PMB doc’s ‘global ties’ doctored

2016-06-30 13:28
The fake image Dr Ashveer Ramsunder admitted to creating and posting on his Facebook page. In this image, Ramsunder said he was with his mentor and friend Oprah Winfrey.

The fake image Dr Ashveer Ramsunder admitted to creating and posting on his Facebook page. In this image, Ramsunder said he was with his mentor and friend Oprah Winfrey. (Supplied )

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Pietermaritzburg - A Pietermaritzburg doctor who claimed he was friends with a Nobel Peace Prize laureate and a global talkshow legend, has admitted to lying to boost his image.

Dr Ashveer Ramsunder, who is listed as a district general practitioner with the Department of Health, added his image to those of Malala Yousafzai and Oprah Winfrey to promote a campaign to help Syrian child refugees.

Ramsunder yesterday admitted to digitally manipulating images he found on the Internet, but claimed that his efforts to help Syrian refugees were genuine.

Ramsunder’s friends and Facebook followers cried foul after they discovered the pictures had been faked.

His followers have since lashed out against him, questioning the authenticity of his humanitarian work for Syrian children, especially as Ramsunder had asked for funds to help the refugees.

Ramsunder admitted to The Witness yesterday that he had altered the pictures and that he had never met Oprah or Malala.

However, he said he had not received any donations from the public and his request for help for the ­children in Syria was “genuine”.

“I was not out to scam or dupe anybody. My intentions were to generate funds for Syria, and yes my pictures were fake, but they were just pictures for ­Facebook purposes.

“It was very stupid on my part … I guess I just wanted people to think I was a high roller,” he said when asked why he had manipulated the images.

Ramsunder’s friend, who asked to remain ­anonymous, said at first he was proud of his friend, but “that was short-lived”.

“It is all good and well creating the false impression of fame and altruism; however, our biggest concern was whether the donations he requested were ­legitimately going to their named causes. How does one trust someone who has based his image on a lie?” said the friend in an e-mail to The Witness.

He said the fake pictures had “increased his ­[Ramsunder’s] credibility as a humanitarian and also provided him with some degree of status”.

Accepting what he had said in good faith, Weekend Witness assisted Ramsunder last month by publishing an article on his intended humanitarian work in Syria. At that time, Ramsunder said he was touched after receiving a call for help from a Syrian man who is using soccer as a tool to help Syrian children ­devastated by war.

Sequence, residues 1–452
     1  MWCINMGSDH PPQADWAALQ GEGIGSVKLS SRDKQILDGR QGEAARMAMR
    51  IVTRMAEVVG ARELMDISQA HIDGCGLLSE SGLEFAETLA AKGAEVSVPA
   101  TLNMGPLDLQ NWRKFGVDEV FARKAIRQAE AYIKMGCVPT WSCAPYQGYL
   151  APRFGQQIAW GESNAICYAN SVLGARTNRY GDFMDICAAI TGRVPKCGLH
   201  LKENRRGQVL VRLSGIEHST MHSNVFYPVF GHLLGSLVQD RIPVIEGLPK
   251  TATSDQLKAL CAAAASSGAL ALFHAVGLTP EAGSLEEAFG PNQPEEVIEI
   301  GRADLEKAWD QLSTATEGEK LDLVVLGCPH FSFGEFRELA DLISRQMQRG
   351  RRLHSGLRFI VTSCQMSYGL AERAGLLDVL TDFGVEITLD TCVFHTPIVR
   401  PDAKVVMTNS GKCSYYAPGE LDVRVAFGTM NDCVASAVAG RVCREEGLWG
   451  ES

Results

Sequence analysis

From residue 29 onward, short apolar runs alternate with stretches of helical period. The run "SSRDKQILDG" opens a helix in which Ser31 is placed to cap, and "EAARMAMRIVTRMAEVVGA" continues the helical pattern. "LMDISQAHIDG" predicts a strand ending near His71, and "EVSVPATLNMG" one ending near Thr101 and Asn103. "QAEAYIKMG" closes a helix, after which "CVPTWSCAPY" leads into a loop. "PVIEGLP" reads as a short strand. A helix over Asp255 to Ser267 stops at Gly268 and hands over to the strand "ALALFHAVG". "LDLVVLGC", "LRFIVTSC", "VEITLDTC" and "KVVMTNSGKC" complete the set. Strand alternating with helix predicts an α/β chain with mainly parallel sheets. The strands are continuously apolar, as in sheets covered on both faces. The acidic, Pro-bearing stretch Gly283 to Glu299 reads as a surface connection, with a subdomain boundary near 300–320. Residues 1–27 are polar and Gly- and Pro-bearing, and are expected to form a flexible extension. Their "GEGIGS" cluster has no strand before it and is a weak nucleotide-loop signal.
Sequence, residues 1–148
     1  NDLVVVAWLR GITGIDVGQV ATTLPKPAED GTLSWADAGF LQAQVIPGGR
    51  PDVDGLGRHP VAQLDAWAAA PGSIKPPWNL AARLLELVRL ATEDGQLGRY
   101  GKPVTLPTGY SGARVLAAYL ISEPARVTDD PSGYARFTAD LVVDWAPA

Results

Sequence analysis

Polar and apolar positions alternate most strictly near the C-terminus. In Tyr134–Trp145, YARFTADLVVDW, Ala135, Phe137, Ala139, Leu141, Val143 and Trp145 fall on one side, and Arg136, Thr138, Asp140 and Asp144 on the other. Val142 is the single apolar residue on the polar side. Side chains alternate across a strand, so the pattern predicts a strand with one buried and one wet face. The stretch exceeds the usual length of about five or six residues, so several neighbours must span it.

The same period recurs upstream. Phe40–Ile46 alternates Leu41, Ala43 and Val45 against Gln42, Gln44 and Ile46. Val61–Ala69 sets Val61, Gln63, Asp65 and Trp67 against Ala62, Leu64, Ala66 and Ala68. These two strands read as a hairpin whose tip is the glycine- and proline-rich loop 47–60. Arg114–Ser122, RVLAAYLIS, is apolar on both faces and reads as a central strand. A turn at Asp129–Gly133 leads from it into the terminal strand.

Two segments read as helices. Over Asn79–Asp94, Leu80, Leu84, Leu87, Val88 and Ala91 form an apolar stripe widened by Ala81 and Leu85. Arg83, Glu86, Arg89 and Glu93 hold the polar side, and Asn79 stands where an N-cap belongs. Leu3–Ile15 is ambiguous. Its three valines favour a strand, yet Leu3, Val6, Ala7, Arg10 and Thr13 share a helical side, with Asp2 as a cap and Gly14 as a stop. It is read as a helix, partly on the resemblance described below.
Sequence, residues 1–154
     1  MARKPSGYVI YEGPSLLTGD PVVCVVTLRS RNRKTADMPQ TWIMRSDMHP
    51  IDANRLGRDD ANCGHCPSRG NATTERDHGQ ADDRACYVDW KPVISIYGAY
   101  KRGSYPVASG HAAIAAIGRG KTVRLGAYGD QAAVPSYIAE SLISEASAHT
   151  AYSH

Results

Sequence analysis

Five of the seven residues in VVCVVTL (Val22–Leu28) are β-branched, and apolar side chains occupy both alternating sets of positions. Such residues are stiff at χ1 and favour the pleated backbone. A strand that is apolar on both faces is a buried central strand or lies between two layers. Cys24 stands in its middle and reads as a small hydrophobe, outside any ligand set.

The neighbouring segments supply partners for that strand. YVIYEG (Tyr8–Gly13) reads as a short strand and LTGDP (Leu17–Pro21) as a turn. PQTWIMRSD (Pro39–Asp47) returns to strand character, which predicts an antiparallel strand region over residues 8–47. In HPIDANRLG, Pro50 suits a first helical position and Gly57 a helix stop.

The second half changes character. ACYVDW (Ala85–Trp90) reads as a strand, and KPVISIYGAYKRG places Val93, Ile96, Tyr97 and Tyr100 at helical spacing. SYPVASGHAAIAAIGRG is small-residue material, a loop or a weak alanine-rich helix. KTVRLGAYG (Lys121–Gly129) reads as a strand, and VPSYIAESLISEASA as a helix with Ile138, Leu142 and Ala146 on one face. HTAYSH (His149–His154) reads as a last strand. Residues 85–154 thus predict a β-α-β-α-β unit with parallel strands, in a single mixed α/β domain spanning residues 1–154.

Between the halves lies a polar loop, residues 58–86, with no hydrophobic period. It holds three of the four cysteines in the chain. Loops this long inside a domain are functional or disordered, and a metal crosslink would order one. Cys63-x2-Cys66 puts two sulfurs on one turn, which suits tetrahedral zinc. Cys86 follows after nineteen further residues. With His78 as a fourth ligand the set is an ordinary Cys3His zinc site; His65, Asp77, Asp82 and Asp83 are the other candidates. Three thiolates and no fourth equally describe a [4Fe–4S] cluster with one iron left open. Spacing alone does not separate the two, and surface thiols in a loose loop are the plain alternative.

He was publicly outed last week when some of his followers posted the original pictures of Oprah and Malala on his Facebook page, clearly showing that they had been altered.

He has since deactivated his Facebook accounts.

After his article appeared in Weekend Witness, Ramsunder posted on his Facebook page that he had been invited to the Oprah Winfrey Academy last month, and had had a “Skype dinner” with Malala. He also posted pictures of his name branded on a Ferrari and a helicopter at the Oprah Winfrey Academy.

He admitted yesterday that he was not invited to the academy, but had “only visited” and “did ­nothing” at the academy while he was there. He said he did not own a helicopter or a Ferrari, and admitted those pictures were also digitally manipulated.

“I know this portrays me in a negative light and I understand that lots of people are hurt by it. I did not use anybody’s funds but my own, and was not trying to solicit money from people,” he said.

Ramsunder insisted he had not received money from the public following his appeal and said The Witness was welcome to peruse his bank statements.

“Certain pictures were created for the purposes of Facebook, but everything else was done out of ­goodwill and to help others,” he said.

Ramsunder also said he had approached Gift of the Givers to facilitate matters so the donations could reach the organisations in Syria, “but they said they could not help me”.

Ramsunder said he had approached the Alexandra Road police station to open a case after his followers ­exposed him on Facebook, as he believed he was being “publicly attacked”.

However, he said, the police did not open a case, instead asking him to detail his allegations in a statement.

Ramsunder said he wanted to apologise to his friends and followers, “but my intentions were good”.

He and his lawyer promised to send The Witness a further statement yesterday, but none was received by the time of going to print.


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